I found a bunch of old arrows while messing around in Dad's shop a couple months back and have been going back and forth about what to do with them. I finally committed to turning them into a rack for necklaces. If you've visited us before, you may remember my tree branch necklace holder. Apparently, I'm big on necklace display. Not surprisingly, this project requires a few arrows, and unlike me, you might not just stumble across arrows as part of your everyday activities. So, here are several ideas on where to procure arrows of your very own...
For used arrows, I suggest you check garage sales, thrift stores, craigslist, and eBay. For brand new, pristine arrows, you could go the sporting goods or hunting supply store route. And if you happen to live near an abandoned Boy Scout camp, that might also be worth a look. Strike that. Definitely worth a look. Although, I must assume that if you live near an abandoned Boy Scout camp, you've already explored the heck out of that treasure.
After you've found the arrows, assemble the supplies below. Truthfully, finding your arrows was the difficult bit.
Now for the easy part: the project itself. Tie the string to one arrow. I wrapped and made a knot several times because I liked the idea of a nice chunk of string.
Wrap the long end of the string around the second arrow and gauge your string placement.
You want the ends to line up, so your rack will be balanced.
Measure out the string length between the two arrows. The space between the arrows should be long enough for your necklaces to hang without overlapping the next arrow. Unless you're a fan of overlapping. If so, go for it.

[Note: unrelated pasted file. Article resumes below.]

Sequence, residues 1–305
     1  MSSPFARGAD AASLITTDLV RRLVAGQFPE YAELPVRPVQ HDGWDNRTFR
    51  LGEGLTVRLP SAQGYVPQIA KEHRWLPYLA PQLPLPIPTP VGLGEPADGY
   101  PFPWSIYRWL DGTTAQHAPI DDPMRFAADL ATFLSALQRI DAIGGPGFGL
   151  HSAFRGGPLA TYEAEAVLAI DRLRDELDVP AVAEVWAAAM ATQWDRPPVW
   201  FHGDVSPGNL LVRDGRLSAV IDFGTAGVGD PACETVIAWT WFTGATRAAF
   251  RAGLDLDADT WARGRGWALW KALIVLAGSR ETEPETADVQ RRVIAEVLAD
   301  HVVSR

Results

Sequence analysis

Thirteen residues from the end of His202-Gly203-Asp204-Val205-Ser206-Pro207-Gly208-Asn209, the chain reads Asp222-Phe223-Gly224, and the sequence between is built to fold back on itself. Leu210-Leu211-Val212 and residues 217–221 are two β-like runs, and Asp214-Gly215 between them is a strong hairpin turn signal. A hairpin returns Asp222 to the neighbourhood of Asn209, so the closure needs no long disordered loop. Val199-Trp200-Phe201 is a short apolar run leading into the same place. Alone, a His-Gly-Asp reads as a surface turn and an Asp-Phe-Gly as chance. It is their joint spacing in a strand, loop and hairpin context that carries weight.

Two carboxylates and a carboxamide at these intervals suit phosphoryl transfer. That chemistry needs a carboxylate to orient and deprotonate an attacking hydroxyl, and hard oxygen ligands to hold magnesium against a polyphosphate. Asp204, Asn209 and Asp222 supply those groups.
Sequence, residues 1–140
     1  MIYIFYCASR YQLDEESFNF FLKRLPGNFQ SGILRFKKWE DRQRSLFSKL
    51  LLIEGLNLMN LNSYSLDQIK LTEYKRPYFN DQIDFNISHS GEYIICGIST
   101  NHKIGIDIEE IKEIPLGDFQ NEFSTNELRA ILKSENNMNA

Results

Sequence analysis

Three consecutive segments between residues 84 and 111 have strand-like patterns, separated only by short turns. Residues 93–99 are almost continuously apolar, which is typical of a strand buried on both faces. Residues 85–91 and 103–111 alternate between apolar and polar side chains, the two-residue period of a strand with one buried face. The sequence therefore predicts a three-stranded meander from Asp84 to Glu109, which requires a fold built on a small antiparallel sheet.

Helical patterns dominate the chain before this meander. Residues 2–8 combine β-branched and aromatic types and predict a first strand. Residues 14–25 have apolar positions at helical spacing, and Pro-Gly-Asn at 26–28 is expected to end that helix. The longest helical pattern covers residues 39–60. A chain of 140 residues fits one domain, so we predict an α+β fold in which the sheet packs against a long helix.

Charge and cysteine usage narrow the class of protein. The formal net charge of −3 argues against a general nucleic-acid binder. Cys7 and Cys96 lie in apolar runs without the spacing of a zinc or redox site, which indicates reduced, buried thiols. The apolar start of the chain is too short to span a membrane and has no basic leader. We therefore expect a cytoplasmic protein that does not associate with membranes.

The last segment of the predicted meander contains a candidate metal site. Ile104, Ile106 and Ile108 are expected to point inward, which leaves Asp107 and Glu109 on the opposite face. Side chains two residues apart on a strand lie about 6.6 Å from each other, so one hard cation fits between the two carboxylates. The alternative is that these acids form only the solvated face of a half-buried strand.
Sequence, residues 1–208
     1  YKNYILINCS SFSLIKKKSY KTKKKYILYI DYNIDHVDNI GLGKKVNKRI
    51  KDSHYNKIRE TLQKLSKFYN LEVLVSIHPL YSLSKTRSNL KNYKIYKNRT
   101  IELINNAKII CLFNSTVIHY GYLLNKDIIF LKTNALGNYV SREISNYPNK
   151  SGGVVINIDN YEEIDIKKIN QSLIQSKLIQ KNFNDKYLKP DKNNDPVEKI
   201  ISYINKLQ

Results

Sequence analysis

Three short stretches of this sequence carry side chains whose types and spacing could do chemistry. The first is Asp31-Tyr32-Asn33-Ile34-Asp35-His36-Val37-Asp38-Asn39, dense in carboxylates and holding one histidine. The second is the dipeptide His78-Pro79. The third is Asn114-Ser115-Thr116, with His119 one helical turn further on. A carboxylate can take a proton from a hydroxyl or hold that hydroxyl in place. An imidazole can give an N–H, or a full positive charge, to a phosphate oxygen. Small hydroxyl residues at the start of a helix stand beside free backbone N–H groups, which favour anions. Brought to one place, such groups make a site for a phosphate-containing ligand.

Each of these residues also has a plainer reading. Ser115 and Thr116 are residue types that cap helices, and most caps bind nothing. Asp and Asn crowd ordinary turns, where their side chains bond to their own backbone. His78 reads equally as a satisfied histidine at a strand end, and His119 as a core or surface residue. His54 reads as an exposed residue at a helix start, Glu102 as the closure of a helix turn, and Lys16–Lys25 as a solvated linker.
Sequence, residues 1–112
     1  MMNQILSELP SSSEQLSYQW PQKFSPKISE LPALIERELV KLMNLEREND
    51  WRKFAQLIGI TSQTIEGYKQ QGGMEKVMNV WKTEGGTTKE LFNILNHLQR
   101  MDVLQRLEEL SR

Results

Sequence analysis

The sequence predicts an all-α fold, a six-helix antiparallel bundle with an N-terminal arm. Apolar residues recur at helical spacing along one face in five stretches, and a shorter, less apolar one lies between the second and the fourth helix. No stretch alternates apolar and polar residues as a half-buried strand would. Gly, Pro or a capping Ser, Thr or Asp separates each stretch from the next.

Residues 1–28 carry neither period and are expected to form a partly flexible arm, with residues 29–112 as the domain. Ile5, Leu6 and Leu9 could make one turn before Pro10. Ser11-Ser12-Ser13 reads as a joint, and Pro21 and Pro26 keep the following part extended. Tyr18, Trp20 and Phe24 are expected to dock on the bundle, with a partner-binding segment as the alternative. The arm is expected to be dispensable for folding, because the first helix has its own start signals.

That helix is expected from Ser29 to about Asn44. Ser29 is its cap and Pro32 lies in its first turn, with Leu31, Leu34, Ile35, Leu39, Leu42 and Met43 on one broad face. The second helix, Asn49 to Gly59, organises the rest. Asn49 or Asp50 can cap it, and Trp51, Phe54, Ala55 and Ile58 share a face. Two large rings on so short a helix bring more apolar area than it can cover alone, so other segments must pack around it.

Wrap and knot the string several times on the second arrow.
Tie a slipknot in the string and trim the excess tail.
Pound your nails and hang the arrows. Don't worry if things aren't perfect. You can use the slipknots to straighten or adjust the way your arrows hang.
My arrows are a tad crooked and rusty, but I did find them in the barn. And they were free after all.
Attach your necklaces. I hung shorter necklaces from the top arrow and longer ones from the bottom arrow.
And if you're not particularly gaga for necklaces, you could use the arrow rack to display scarves, ribbons, lace, bracelets, anything lightweight, really. You could even clip several small prints or photos to your arrows. The possibilites are nearly endless...as long as you stick to things that can hang. That part is rather crucial.
And what kind of success could I hope to achieve without a visit from the resident expert?
Matilda insists on giving each craft her seal of approval. Today that approval came in the form of her plopping down in the middle of my arrow arranging and happily chewing on a necklace. Rudeness! But what else could I expect from one who must be in charge of everything? It's all part of her fluffy-faced charm.
Happy arrow hunting!